Bear Woods understands the risks he takes playing football.
The veteran linebacker will make the trip to Regina on Saturday when Toronto visits the Saskatchewan Roughriders. Woods missed the second half of the Argonauts’ 27-24 home win over the Ottawa Redblacks on Monday night following concussion protocol that included taking his helmet away.
Woods was involved in a nasty helmet-to-helmet collision with Ottawa quarterback Trevor Harris in the first half. Woods remained in the game but later was told by medical officials he’d have to undergo the protocol, effectively ending his night.
He confirmed Thursday that protocol included relieving him of his helmet so he couldn’t return to the field.
“I was looking for it pretty good, I wanted it back because I felt fine,” Woods said. “The docs make the decision, I didn’t have any say in it because at halftime I had a lot to say but it didn’t matter.
“They’re doing their job . . . I’m probably that rare player that, hey, life’s short, I want my helmet.”
Toronto also played the second half without defensive linemen Victor Butler and Cleyon Laing (both knee injuries). While Woods will make the trip west, head coach Marc Trestman said both Butler and Laing will remain home.
Woods said it was his first-ever documented concussion as a football player and it came on what he felt was a routine play.
“It (the hit) looked pretty normal on film,” he said. “On the replay, my wife told me my head went back and I went, ‘Well, if you replay all my tackles my head is probably getting crunched and going back.’
“I feel fine, I’ve had no symptoms or anything like that. Quite honestly, I go back to this: I didn’t miss a snap until they assisted me and took my stuff.”
This week, a report published in the Journal of the American Medical Association said research on 202 former football players found evidence of chronic traumatic encephalopathy (CTE), a degenerative brain disease linked to repeated blows to the head. CTE can cause a range of symptoms including memory loss.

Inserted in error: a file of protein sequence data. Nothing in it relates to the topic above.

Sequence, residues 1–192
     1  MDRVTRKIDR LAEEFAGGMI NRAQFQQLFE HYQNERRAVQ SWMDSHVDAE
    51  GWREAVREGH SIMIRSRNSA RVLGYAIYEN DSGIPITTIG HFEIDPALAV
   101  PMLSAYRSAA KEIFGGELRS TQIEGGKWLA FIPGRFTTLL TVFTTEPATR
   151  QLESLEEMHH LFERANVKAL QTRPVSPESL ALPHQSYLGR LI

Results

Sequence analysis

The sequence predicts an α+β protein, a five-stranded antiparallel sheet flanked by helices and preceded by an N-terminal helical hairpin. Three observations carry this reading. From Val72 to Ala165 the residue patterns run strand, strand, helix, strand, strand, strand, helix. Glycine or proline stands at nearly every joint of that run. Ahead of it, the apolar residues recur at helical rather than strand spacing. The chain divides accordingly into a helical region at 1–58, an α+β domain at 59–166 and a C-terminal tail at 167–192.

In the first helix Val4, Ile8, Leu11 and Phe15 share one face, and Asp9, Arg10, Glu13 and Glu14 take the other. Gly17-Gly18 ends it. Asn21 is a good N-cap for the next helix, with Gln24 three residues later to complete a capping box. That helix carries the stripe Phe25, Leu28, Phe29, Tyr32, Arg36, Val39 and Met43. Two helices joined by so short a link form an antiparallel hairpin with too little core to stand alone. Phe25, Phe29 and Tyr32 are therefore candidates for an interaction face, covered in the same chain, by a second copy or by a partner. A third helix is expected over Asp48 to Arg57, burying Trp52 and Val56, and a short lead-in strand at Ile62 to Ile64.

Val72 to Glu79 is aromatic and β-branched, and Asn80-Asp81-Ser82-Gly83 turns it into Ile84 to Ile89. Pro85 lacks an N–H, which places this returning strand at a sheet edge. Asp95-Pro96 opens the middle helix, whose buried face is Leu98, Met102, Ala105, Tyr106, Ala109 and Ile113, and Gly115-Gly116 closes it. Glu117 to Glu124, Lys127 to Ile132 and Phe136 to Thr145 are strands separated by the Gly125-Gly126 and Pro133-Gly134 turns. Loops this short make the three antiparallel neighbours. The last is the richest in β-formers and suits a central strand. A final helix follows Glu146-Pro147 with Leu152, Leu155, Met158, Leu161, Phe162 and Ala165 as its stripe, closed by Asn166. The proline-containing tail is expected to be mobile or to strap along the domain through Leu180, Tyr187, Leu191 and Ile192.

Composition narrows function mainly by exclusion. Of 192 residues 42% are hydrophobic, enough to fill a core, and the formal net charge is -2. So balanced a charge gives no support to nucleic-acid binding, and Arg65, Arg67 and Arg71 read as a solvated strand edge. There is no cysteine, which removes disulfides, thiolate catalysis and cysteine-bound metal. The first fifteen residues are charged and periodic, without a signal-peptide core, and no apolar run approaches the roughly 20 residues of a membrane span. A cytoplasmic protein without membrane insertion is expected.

The report said CTE was diagnosed in 177 former players or nearly 90 per cent of brains studied. That included 110 of 111 brains from former NFL players; seven of eight CFL players; 48 of 53 U.S. college players; nine of 14 semi-pro players and three of 14 high school players.
It wasn’t found in brains from two younger players.
“I made up my mind a long time ago I’m playing football,” Woods said. “I’m playing professional football, I put on a helmet so I can smack another grown man.
“I had someone talk about that tackle (on Harris) and they said, ‘Man, you both lowered your head.’ I said, ‘Yeah, it’s a football play. He wanted the first down, I wanted to stop him from getting the first down.’ Any rule that stops me from being able to make that exact play I’m not for it. I’m for the precautions and all that but at the end of the day no one is forcing me to play this game.”
Veteran offensive lineman Chris Van Zeyl, 33, in his 11th CFL season, said while he’s much more knowledgeable now about concussions, it wouldn’t change his mind about playing the game.
“Physically, playing offensive and defensive line for as long as I have, I kind of figure there’s going to be some physical limits that I’m going to have somewhere down the road,” he said. “Mentally, there are people who’ve had diseases who’ve never played football and people who’ve had more concussions that most football players I know.
“There’s a million ways to die. I really love playing this game and these studies, although they’re somewhat incriminating, they wouldn’t change my perspective regarding my love for the game.”
But concussion research has provided Van Zeyl with more options in helmet safety.
“It changes the helmet I choose every game I go out there,” he said. “I always want to have the best technology, or at least close to the best, that they can provide me.
“I want to have a great life after football and I think I will but it (brain injury research) is something I probably think about more now with all these studies than I did in the past.”
Trestman, whose coaching career spans both borders, believes football safety is a priority for the CFL and NFL.
“I know both leagues are looking at this hard,” Trestman said. “My time down south I certainly was familiar with the fact the league was sincerely interested in trying to make sure they were doing everything they could to protect the players.
“I know our league is doing the same thing and I feel strongly this will continue to evolve as we move along to try and find better ways and things to make sure our players are safe.”